When it comes to the wide world of speedrunning, Magic: the Gathering may not be the first game you think of. Instead, you might sensibly think of games like Minecraft, Super Mario 64, or, somewhat bizarrely, Subway Surfers. While these three games are the most popular titles on speedrun.com, they’re hardly the only games being played. In fact, give avid speedrunners a goal, and they’ll speedrun just about anything. This is evidenced by speedrun.com having over 33,315 games and 3,696,551 runs within its database. Subsequently, while it might not be the most obvious choice, keen players have absolutely attempted to speedrun various MTG games. Unfortunately, however, as interesting and impressive as these runs are, they do expose some of the game’s more problematic flaws.
I Feel the Need… The Need for Speed!
While speedrunning has seen a boom in popularity recently thanks to high-profile content creators, MTG speedruns aren’t a new innovation. On speedrun.com, for instance, there are runs of Magic 2015 that are over seven years old. Older still are a handful of runs for the beloved Magic: the Gathering (Shandalar) game from back in 1997! When it comes to doing an MTG speedrun today, however, the most obvious choice has been MTG Arena. It may lack a dedicated campaign, but that hasn’t stopped speedrunners from devising creative and impressive categories to compete in.
Among these categories, the “vs Bot” run has proven to be the most popular. As the name suggests, in this run, players compete to beat the Sparky bot in the fastest time possible. At the time of writing, this record sits at just 26 seconds, thanks to a Channel + Lightning Serpent combo. While this run is undeniably impressive, some players have been seemingly been left wanting more. In search of a greater challenge, one MTG content creator has recently gone above and beyond in their own phenomenally impressive speedrun.
Taking on the MTG Arena ladder, content creator Crokeyz recently attempted to go from Zero to Mythic in the fastest time possible. To do this, Crokeyz built the best mono-red deck they could on a budget and got to work. While this deck initially wasn’t perfect due to a lack of wildcards, it was more than good enough to get the job done. Subsequently, after 10 hours, 23 minutes, and 23 seconds, Crokeyz achieved what they set out to do, attaining Mythic rank. Crokeyz played an impressive 155 games throughout this grueling run, achieving a 72% win rate overall.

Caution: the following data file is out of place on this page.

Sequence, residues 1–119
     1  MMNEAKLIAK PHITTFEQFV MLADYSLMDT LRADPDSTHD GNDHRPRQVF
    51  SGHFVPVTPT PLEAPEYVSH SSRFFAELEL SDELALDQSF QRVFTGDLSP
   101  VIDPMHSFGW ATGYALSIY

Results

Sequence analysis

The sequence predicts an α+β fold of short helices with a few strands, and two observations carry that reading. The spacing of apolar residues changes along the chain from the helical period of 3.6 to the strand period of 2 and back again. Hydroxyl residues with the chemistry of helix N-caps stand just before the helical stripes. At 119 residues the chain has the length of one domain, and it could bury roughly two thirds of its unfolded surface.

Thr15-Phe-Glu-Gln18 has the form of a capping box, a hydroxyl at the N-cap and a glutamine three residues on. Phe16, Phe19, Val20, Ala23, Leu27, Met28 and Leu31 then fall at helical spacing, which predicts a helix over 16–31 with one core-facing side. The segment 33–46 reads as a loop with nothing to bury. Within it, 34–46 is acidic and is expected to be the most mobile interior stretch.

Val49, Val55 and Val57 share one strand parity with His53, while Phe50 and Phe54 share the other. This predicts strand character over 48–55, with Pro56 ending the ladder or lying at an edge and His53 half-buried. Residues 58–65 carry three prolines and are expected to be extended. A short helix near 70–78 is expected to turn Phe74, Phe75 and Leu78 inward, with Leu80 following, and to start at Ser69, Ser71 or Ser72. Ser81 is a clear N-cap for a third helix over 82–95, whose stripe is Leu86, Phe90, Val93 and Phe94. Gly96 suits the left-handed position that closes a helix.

A Controversial Crown
Without an official leaderboard, it’s unclear if Crokeyz actually holds the World Record for this speedrun as they claim. That being said, however, it is entirely possible since this may be the first MTG speedrun using this rule set. Whatever the case, the feat that Crokeyz achieved is undeniably impressive, especially considering it was done on a brand-new free-to-play account. Once news of this achievement reached Reddit, several MTG players were understandably impressed by Crokeyz’s record. Others, however, were more critical, highlighting how their success isn’t too surprising.
“That makes sense, he’s very good, and new accounts face other new accounts – who are in general very bad,” u/_cob commented on Reddit. Due to this sensible aspect of matchmaking, Crokeyz was understandably able to blitz through the early ranks on MTG Arena. Even before their deck was at full power, Crokeyz was in and out of the Bronze, Silver, and Gold ranks in just three hours. After this, Crokeyz’s progression slowed somewhat as Arena’s matchmaking system eventually adapted to their impressive win rate and evident skill. Thanks to this, Crokeyz faced harder and more competent opponents over time, however, many players highlighted Arena’s matchmaking problems.
As we covered back in July of last year, it appeared that MTG Arena had a major matchmaking flaw. Due to a glitch in the system, wins in MTG Arena were granting more MMR (Matchmaking Rating) than losses. Over time, this skewed the traditional curve of MMR graphs, creating incredibly long tails around the median rank. Due to this fault, new players, or fresh accounts, could storm through to Mythic rank with incredible ease. While seemingly harmless, this bug threatened to ruin the game for new MTG players, posing a huge problem for the game’s growth.
Chance for Glory
Thankfully, as u/Viktar33 highlighted on Reddit, it seems since June 2022, Wizards has issued fixes to mitigate this issue. Or, at least, to fix the bug which allowed a player’s MMR to be visible, hiding the problem from view. Unfortunately, with MMR no longer visible, it’s unclear if this problematic ranking distribution is still in use. Considering Crokeyz did end up playing against tougher opponents, we can only hope improvements have been made. For better or worse, however, we just don’t know without official word from Wizards.
In any case, regardless of MTG Arena’s matchmaking quirks, Crokeyz’s record is an incredibly impressive one. So much so that potentially, this category could become the next big thing for MTG Arena speedrunning. Admittedly, considering the run is dominated by RNG and subject to changes thanks to Standard rotation, it’s probably not the ideal category. That said, however, it still looks like an awful lot of fun for players interested in giving it a go.